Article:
I have the following optimization problem:

I have a (random and very noisy) objective function $f(A, P)$, where $A$ is a vector of "observable" parameters of the input and $P$ is the parameters that I can control.

I'd like to find $P(A)$ for every $A$, such that $f(A, P(A))$ is maximized.

For example, I'm writing a game; I know a bunch of facts about every user (their age, gender, level, various in-game statistics), and I can control the difficulty of monsters they face and the scarcity of resources they find on their journey. The objective function $f$ is, for example, how much money they spend.

I think a reasonable approach to this would be to:

1) cluster the users by $A$ in some way, such that within a single cluster, the shape of $f$ with respect to $P$ is approximately the same;

2) run some guided optimization/experimentation algorithm within every cluster, taking advantage of the fact that a single user's data point gives me information about the whole cluster, but avoiding meaningless comparisons between dissimilar users.

The problem here is that I cannot use a conventional clustering method "as is" to cluster by A, because I don't know which dimensions of $A$ are important - and perhaps some dimensions are important only in some regions of the $A$ space. So it's not clear how to formulate the distance function $D(A,A)$.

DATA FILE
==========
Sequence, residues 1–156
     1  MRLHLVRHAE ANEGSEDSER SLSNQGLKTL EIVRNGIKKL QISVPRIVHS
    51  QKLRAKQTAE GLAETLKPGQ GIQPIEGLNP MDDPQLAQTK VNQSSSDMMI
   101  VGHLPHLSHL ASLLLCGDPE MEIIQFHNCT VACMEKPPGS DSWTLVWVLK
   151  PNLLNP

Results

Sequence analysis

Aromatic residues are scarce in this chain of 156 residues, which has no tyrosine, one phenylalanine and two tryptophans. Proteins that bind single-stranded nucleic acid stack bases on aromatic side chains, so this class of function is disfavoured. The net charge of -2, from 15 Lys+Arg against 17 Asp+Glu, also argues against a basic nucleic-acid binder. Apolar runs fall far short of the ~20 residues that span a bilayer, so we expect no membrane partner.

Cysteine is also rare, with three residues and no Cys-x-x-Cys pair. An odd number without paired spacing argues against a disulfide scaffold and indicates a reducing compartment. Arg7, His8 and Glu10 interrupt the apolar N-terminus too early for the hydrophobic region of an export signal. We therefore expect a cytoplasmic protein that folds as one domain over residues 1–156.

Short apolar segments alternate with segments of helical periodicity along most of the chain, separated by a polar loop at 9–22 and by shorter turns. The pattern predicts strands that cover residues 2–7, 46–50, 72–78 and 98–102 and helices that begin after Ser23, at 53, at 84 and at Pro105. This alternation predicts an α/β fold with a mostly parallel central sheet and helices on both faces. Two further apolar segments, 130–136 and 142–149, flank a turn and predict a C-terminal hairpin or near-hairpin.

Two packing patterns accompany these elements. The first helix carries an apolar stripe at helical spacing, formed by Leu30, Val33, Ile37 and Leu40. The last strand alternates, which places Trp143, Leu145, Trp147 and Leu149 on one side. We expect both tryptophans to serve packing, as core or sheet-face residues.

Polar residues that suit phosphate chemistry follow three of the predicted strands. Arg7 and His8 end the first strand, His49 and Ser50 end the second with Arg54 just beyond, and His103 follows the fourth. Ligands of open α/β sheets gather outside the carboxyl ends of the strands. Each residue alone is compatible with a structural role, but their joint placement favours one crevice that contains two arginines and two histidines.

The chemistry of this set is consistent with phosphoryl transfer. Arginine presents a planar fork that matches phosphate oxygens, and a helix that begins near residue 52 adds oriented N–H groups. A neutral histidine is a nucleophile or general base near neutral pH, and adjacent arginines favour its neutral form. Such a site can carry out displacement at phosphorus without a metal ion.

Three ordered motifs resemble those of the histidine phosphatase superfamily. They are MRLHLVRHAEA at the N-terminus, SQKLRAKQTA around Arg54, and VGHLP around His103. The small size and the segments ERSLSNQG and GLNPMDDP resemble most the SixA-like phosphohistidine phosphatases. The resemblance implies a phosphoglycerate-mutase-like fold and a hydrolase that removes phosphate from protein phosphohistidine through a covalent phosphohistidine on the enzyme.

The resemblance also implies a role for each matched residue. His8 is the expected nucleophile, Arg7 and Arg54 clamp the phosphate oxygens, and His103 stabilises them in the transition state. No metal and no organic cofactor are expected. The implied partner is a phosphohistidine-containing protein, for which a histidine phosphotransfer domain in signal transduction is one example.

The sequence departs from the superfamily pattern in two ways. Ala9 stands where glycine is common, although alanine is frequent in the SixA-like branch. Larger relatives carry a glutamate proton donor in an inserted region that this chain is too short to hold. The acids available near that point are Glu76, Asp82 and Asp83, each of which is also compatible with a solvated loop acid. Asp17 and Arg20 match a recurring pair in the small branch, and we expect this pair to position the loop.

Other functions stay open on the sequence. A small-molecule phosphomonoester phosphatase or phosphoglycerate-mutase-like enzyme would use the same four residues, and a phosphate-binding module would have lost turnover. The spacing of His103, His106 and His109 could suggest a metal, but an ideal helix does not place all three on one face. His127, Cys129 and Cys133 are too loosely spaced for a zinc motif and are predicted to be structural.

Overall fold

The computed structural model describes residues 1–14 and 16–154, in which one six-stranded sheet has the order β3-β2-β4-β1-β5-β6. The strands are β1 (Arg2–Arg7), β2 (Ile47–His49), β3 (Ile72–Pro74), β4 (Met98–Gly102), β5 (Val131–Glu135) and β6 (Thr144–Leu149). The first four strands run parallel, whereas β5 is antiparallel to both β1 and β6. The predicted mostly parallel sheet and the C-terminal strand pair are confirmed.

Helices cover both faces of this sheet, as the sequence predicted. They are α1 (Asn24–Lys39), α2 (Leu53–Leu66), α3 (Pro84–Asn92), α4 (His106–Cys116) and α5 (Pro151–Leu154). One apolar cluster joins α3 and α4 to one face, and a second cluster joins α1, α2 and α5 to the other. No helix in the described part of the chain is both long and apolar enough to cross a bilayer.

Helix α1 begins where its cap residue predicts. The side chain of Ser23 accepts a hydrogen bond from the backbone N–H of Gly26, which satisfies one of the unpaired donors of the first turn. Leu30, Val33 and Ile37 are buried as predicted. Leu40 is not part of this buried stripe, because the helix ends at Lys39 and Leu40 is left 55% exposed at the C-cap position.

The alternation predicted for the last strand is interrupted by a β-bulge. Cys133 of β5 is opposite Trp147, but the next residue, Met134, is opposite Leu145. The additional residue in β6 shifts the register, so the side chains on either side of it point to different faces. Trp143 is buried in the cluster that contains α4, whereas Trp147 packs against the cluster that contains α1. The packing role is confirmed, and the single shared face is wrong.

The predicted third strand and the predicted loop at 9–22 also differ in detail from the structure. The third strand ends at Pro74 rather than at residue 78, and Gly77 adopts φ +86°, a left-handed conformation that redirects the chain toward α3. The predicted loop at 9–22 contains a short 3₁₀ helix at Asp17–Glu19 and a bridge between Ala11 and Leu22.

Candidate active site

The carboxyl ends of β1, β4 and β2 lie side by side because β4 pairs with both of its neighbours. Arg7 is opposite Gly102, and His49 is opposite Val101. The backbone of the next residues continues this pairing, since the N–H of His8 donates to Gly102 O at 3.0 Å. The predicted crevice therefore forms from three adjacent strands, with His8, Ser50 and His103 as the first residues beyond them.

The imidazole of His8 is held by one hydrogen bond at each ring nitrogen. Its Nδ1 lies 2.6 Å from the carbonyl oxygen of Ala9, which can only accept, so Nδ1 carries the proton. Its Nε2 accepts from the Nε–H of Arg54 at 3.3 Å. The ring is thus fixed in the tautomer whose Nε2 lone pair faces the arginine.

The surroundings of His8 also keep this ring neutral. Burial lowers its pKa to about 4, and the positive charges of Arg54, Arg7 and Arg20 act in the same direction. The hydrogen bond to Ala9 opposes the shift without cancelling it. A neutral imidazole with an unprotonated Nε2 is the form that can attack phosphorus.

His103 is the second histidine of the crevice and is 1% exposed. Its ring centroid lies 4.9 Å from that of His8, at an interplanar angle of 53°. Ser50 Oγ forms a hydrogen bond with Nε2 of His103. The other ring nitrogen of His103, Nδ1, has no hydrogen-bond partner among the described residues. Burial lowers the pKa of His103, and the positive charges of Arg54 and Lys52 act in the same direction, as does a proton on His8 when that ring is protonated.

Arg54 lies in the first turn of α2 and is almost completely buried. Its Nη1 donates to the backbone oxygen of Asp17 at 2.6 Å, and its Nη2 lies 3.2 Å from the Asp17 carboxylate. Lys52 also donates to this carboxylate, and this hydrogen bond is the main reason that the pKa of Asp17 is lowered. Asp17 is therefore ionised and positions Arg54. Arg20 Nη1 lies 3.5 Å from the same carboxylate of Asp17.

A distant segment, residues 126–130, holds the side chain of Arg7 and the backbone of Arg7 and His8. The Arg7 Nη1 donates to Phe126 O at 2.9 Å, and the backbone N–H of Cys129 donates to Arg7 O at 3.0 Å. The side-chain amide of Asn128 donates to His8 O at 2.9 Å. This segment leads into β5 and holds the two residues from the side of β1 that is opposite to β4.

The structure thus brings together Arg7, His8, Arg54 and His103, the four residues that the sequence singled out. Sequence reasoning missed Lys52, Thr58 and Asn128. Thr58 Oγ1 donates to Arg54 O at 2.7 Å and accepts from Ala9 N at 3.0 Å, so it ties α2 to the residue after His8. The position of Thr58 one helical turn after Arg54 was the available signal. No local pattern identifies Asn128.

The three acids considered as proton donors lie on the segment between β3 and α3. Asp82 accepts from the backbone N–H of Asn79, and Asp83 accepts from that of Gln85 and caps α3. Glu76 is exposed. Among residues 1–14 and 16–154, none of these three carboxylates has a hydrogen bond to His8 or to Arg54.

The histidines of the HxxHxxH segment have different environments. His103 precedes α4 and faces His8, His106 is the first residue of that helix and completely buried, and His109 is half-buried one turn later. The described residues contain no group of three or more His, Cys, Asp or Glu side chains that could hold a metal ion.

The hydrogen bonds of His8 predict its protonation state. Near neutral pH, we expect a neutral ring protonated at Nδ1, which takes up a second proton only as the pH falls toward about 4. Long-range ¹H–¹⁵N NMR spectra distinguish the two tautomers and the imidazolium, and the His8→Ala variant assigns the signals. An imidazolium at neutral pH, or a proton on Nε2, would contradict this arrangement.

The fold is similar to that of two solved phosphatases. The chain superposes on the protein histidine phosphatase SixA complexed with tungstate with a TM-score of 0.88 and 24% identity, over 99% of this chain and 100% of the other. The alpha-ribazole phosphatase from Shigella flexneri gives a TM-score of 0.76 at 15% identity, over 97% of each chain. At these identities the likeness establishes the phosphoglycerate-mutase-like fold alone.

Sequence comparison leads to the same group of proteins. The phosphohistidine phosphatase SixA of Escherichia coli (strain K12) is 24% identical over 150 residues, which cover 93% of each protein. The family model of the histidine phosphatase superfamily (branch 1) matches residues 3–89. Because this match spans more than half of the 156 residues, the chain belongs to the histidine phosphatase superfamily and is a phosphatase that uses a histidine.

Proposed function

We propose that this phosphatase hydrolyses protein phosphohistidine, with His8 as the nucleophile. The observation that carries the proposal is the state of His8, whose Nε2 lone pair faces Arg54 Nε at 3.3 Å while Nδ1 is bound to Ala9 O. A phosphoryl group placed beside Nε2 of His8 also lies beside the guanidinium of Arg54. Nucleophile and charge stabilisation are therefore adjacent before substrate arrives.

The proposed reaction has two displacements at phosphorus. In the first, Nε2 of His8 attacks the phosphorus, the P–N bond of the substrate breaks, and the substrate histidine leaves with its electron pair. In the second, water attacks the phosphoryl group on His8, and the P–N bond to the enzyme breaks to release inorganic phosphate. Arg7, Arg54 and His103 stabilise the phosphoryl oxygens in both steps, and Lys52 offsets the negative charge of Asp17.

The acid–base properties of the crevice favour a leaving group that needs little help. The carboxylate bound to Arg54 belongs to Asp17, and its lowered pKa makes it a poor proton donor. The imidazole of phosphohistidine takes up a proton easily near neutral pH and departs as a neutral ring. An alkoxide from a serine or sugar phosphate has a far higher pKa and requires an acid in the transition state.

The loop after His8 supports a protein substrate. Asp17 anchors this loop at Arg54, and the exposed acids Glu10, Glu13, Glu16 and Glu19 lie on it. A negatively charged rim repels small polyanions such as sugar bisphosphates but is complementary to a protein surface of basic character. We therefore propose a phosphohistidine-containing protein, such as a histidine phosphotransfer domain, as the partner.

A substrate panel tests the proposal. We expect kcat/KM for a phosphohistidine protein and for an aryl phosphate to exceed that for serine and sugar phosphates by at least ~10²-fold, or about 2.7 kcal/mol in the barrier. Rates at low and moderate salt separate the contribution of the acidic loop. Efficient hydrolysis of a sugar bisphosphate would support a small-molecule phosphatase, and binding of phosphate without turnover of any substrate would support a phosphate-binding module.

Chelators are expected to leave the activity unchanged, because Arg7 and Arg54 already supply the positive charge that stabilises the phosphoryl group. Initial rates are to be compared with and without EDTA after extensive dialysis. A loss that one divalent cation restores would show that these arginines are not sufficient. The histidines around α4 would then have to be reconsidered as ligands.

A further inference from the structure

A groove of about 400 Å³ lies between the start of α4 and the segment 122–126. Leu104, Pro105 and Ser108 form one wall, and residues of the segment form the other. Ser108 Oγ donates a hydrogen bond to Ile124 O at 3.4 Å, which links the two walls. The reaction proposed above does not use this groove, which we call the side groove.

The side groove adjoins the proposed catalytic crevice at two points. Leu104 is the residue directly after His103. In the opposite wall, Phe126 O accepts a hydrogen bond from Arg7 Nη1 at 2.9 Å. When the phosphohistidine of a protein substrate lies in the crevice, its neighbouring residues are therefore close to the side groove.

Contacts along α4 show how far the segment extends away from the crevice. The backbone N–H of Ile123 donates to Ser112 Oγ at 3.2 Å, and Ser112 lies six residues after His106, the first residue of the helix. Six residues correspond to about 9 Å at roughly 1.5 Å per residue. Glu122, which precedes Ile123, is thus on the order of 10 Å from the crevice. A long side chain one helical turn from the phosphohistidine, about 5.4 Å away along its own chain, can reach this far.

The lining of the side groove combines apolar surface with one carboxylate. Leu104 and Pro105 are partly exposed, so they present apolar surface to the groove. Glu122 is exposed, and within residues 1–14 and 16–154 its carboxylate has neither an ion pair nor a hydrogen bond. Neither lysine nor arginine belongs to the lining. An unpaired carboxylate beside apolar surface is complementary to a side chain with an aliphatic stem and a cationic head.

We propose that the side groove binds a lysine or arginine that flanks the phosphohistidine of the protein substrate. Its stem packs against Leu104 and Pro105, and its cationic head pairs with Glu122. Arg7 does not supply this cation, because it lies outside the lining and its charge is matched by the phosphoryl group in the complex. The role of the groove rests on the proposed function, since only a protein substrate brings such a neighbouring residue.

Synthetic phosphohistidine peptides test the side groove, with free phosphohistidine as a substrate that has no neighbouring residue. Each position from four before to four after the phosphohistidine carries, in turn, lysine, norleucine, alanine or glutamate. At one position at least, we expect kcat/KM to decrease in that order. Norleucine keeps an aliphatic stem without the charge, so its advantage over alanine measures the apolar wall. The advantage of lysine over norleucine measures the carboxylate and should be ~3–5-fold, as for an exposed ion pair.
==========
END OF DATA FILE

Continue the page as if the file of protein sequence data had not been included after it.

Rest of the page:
Is this indeed a reasonable approach? Does it have a name? What's some existing research in this area?

  • $\begingroup$ Why not optimize $f$ directly instead of clustering $A$ first? $\endgroup$ – Victor May Jan 20 '14 at 19:34
  • $\begingroup$ The reason for that is explained in #2 : clustering, or some measure of similarity between points of A, would mean that I could optimize P within a whole cluster (at least I could get a very good approximation to the optimum), rather than at each individual point. $\endgroup$ – jkff Jan 22 '14 at 16:37
  • $\begingroup$ So it's an of issue of runtime optimization? $\endgroup$ – Victor May Jan 22 '14 at 16:54
  • $\begingroup$ Not necessarily runtime, but every measurement has a high cost (and still higher cost if I pick a bad value of P), so I'd like to minimize the number of measurements - naturally, reusing measurements between similar species of A would help greatly. $\endgroup$ – jkff Jan 23 '14 at 16:13
  • $\begingroup$ What do you mean by a measurement? Evaluating $f$ for a fixed value of A and different values of P? $\endgroup$ – Victor May Jan 24 '14 at 17:01

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